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Time Consistent Matrimony with Endogenous Trust

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  • Dufwenberg, Martin

    () (Stockholm University)

Abstract

A simple model of marriage and divorce predicts that no marriages occur. Yet, in real life, people marry all the time in seemingly similar situations. This discordance is explained using psychological game theory. An emotional guilt effect is explicitly modeled and multiple belief-dependent equilibria become possible: some marriages don’t happen, some are formed but end in divorce, some last a lifetime. For certain parameterizations a lifelong efficient marriage is guaranteed; one spouse’s approval to marry signals a trust so strong as to force the other spouse to hold beliefs which make divorce exceedingly emotionally unattractive. These results may have some bearing also on other partnerships than marriage.

Suggested Citation

  • Dufwenberg, Martin, 1996. "Time Consistent Matrimony with Endogenous Trust," Working Paper Series 1997:1, Uppsala University, Department of Economics.
  • Handle: RePEc:hhs:uunewp:1997_001
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    File URL: http://www.nek.uu.se/pdf/1997wp1.pdf
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    References listed on IDEAS

    as
    1. Dufwenberg, M. & Gneezy, U., 1996. "Efficiency, Reciprocity and Expectations in an Experimental Game," Discussion Paper 1996-79, Tilburg University, Center for Economic Research.
    2. Polsby, Daniel D & Zelder, Martin, 1994. "Risk-Adjusted Valuation of Professional Degrees in Divorce," The Journal of Legal Studies, University of Chicago Press, vol. 23(1), pages 273-285, January.
    3. Steven Tadelis & Oliver E.Williamson, 2012. "Transaction Cost Economics," Introductory Chapters,in: Robert Gibbons & John Roberts (ed.), : The Handbook of Organizational Economics Princeton University Press.
    4. Weiss, Yoram & Willis, Robert J, 1993. "Transfers among Divorced Couples: Evidence and Interpretation," Journal of Labor Economics, University of Chicago Press, vol. 11(4), pages 629-679, October.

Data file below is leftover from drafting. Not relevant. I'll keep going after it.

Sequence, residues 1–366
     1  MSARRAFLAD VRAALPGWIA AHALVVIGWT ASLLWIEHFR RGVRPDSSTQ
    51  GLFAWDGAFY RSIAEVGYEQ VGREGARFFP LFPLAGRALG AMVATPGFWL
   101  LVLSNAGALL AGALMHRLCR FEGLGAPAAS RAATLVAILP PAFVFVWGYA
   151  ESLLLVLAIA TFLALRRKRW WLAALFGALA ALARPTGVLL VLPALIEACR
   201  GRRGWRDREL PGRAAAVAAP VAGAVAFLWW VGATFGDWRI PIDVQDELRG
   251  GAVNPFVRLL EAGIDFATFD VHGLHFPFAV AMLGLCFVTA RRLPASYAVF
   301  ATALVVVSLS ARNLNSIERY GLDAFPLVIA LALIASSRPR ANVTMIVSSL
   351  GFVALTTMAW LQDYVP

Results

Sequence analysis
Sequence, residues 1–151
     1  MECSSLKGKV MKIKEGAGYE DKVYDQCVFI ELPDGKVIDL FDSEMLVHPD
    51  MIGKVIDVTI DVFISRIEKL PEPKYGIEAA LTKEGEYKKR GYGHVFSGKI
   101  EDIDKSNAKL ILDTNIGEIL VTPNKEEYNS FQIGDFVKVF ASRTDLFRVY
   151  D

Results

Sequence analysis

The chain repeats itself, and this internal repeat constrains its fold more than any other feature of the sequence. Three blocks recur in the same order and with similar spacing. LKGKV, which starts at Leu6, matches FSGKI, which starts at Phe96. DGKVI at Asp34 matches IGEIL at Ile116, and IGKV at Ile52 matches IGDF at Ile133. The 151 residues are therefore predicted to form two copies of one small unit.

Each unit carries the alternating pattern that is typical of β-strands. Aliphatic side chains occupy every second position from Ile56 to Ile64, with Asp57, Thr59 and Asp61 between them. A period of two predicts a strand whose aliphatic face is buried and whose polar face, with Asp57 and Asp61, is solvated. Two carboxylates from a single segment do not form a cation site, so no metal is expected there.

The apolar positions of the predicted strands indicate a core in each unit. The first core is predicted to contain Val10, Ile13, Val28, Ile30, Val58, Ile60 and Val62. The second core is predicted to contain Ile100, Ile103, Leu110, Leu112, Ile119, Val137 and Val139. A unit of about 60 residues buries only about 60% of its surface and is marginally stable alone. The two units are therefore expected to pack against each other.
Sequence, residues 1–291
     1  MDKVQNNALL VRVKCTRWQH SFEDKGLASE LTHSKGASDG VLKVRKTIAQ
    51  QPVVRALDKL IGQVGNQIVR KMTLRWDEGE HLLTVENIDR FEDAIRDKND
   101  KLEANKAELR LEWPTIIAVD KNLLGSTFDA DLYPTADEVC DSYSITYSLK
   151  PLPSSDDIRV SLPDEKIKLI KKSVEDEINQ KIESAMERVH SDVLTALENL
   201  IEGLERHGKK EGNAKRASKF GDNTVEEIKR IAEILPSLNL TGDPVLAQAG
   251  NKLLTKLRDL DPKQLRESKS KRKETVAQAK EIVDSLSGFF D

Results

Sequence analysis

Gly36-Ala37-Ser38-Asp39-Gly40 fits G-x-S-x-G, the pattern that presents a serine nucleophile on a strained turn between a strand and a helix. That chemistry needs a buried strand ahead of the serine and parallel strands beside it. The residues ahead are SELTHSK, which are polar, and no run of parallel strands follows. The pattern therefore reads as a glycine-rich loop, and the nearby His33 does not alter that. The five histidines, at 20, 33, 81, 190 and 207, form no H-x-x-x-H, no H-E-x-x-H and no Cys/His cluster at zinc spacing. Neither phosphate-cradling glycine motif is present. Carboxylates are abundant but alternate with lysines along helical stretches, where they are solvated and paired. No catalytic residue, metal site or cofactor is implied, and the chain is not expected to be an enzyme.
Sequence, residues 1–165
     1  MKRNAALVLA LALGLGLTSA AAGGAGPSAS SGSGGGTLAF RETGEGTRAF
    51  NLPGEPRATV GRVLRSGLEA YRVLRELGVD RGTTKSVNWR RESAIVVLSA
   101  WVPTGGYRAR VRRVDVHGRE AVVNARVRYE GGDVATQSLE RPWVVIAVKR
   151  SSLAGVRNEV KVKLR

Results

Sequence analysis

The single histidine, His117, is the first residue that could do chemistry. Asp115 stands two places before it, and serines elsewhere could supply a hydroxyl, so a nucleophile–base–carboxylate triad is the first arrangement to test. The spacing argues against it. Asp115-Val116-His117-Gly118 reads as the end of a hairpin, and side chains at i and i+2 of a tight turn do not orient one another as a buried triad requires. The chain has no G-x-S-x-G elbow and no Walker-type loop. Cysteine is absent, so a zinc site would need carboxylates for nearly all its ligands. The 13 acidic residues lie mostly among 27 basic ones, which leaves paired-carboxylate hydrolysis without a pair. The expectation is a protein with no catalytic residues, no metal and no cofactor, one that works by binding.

5. Geanakoplos, John & Pearce, David & Stacchetti, Ennio, 1989. "Psychological games and sequential rationality," Games and Economic Behavior, Elsevier, vol. 1(1), pages 60-79, March.
    6. Ruffle, Bradley J., 1999. "Gift giving with emotions," Journal of Economic Behavior & Organization, Elsevier, vol. 39(4), pages 399-420, July.
    7. Rabin, Matthew, 1993. "Incorporating Fairness into Game Theory and Economics," American Economic Review, American Economic Association, pages 1281-1302.
    8. Borenstein, Severin & Cournat, Paul N, 1989. "How to Carve a Medical Degree: Human Capital Assets in Divorce Settlements," American Economic Review, American Economic Association, vol. 79(5), pages 992-1009, December.
    9. Berg Joyce & Dickhaut John & McCabe Kevin, 1995. "Trust, Reciprocity, and Social History," Games and Economic Behavior, Elsevier, vol. 10(1), pages 122-142, July.
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    Cited by:

    1. Anderlini, Luca & Terlizzese, Daniele, 2017. "Equilibrium trust," Games and Economic Behavior, Elsevier, vol. 102(C), pages 624-644.

    More about this item

    Keywords

    Marriage; time consistency; emotions; guilt; psychological game theory;

    JEL classification:

    • C72 - Mathematical and Quantitative Methods - - Game Theory and Bargaining Theory - - - Noncooperative Games
    • J12 - Labor and Demographic Economics - - Demographic Economics - - - Marriage; Marital Dissolution; Family Structure

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